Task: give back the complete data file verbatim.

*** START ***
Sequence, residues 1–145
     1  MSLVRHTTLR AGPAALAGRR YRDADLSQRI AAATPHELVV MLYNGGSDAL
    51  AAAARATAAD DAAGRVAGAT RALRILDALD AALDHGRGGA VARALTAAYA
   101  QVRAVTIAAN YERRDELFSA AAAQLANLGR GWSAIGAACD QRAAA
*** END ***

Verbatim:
Sequence, residues 1–145
     1  MSLVRHTTLR AGPAALAGRR YRDADLSQRI AAATPHELVV MLYNGGSDAL
    51  AAAARATAAD DAAGRVAGAT RALRILDALD AALDHGRGGA VARALTAAYA
   101  QVRAVTIAAN YERRDELFSA AAAQLANLGR GWSAIGAACD QRAAA